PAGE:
Israel has sent troops to take part in the biennial Rim of the Pacific (RIMPAC) multinational naval exercise.
RIMPAC is led by the US Third Fleet off the coast of Hawaii and Southern California in August. It has been held every two years since the early 1970s and is considered the world’s largest maritime exercise.
The exercise, which kicked off last week and is scheduled to continue until August 4 in and near the Hawaiian Islands and Southern California, will see a total of 38 ships, including three unmanned surface vessels and four submarines, nine national land forces and more than 170 aircraft, including the MQ-9 Reaper unmanned aerial vehicle.
This year’s exercise includes approximately 25,000 personnel from 26 nations: Australia, Brunei, Canada, Chile, Colombia, Denmark, Ecuador, France, Germany, India, Indonesia, Israel, Japan, Malaysia, Mexico, the Netherlands, New Zealand, Peru, South Korea, the Philippines, Singapore, Sri Lanka, Thailand, Tonga, the United Kingdom and the United States.
Drill designed to foster and sustain multinational cooperation
With the theme of RIMPAC 2022 being “Capable Adaptive Partners,” the drill has been designed to foster and sustain multinational cooperation and trust, as well as enhance the interoperability of troops who ensure the safety and security of sea lanes and oceans.
“Participating nations and forces will exercise a wide range of capabilities and demonstrate the inherent flexibility of maritime forces,” the US Navy Third Fleet said in a statement. The capabilities “range from disaster relief and maritime security operations to sea control and complex warfighting,” it said.
The drill will see forces train on amphibious operations, gunnery, missiles, anti-submarine tactics and weapons, air-defense exercises, counter-piracy operations, mine clearance, explosive-ordnance disposal and diving and salvage operations.
Space and cyber operations to be drilled as well
The drill will also include space and cyber operations.
“During RIMPAC, a network of capable, adaptive partners train and operate together in order to strengthen their collective forces and promote a free and open Indo-Pacific,” the statement said. “RIMPAC 2022 contributes to the increased interoperability, resiliency and agility needed by the Joint and Combined Force to deter and defeat aggression by major powers across all domains and levels of conflict.”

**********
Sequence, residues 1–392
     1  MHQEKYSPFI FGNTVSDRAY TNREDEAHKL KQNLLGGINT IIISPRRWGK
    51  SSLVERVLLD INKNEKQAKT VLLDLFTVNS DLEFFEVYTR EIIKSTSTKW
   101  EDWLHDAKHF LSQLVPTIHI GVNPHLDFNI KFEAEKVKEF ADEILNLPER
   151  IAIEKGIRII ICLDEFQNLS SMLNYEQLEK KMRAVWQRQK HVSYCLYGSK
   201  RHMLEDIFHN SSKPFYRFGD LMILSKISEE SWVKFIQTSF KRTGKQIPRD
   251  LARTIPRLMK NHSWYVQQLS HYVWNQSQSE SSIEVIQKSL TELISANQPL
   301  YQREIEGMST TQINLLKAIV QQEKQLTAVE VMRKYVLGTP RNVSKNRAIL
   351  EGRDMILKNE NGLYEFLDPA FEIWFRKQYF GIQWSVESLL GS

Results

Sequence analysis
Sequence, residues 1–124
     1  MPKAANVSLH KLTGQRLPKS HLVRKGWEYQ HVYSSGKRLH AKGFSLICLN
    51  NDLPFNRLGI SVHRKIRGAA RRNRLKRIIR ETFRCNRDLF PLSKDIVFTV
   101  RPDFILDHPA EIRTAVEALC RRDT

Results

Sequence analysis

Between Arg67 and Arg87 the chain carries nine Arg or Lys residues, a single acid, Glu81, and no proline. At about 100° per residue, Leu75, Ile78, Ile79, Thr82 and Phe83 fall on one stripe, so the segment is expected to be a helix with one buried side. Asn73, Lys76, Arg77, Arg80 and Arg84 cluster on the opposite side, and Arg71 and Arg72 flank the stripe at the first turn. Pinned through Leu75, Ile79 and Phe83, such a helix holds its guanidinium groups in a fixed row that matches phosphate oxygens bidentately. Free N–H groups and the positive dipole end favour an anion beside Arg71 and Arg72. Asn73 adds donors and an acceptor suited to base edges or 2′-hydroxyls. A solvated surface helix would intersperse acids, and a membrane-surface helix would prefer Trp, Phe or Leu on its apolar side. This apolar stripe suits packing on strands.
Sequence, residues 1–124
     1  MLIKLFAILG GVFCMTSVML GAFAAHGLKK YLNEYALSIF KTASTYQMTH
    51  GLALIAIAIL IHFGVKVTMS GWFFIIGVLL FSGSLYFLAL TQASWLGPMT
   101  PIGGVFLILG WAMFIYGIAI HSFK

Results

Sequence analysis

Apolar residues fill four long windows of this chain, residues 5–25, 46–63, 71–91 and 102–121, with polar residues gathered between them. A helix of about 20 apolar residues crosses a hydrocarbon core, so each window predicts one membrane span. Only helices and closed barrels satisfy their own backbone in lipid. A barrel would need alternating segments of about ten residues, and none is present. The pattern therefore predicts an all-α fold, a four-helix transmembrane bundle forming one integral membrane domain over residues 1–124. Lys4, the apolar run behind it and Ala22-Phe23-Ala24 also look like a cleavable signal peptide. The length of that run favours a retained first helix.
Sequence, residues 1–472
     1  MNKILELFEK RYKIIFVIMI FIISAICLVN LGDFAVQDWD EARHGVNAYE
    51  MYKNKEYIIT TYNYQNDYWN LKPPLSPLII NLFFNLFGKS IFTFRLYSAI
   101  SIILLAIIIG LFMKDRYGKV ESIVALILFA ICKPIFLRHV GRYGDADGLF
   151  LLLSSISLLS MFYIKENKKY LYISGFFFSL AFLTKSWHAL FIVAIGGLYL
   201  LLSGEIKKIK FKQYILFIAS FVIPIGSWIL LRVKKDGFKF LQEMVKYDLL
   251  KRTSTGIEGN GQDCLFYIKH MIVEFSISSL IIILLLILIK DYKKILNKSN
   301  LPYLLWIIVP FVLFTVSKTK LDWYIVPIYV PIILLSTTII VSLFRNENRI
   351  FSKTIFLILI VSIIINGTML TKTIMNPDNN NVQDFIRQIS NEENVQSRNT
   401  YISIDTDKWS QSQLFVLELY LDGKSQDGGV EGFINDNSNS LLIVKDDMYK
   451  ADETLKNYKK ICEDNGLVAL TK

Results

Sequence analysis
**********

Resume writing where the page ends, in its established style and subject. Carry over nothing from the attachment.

Israel's first time in RIMPAC since 2018
Israel took part in the exercise for the first time in 2018, along with 26 other nations, 47 surface ships, five submarines, 18 national land forces and more than 200 aircraft and 25,000 personnel. It did not take part in RIMPAC 2020 due to the outbreak of the coronavirus pandemic.
Israel regularly participates in naval exercises around the world and has increased the number of drills held with regional countries with its entry into CENTCOM’s area of responsibility.
In February, the Israel Navy’s Flotilla 3 and Underwater Warfare Unit took part in the US Navy-led International Maritime Exercise (IMX) alongside more than 9,000 personnel and some 50 ships from more than 60 militaries and international organizations.
Several countries that recently normalized ties with Israel took part in the drill, including the United Arab Emirates, Morocco and Bahrain. Several others that do not have formal ties are also participating, including Bangladesh, Comoros, Djibouti, Oman, Pakistan, Saudi Arabia, Somalia and Yemen. Egypt and Jordan, with which Israel has established diplomatic relations, also took part in the drill.
In April, the Israel Navy participated in a large-scale exercise with its American counterparts from the US Fifth Fleet, drilling on naval combat, maritime refueling and maritime medical scenarios.
That 10-day-long bilateral drill, dubbed “Intrinsic Defender,” focused on maritime security operations, explosive-ordnance disposal, health topics and the integration of unmanned systems.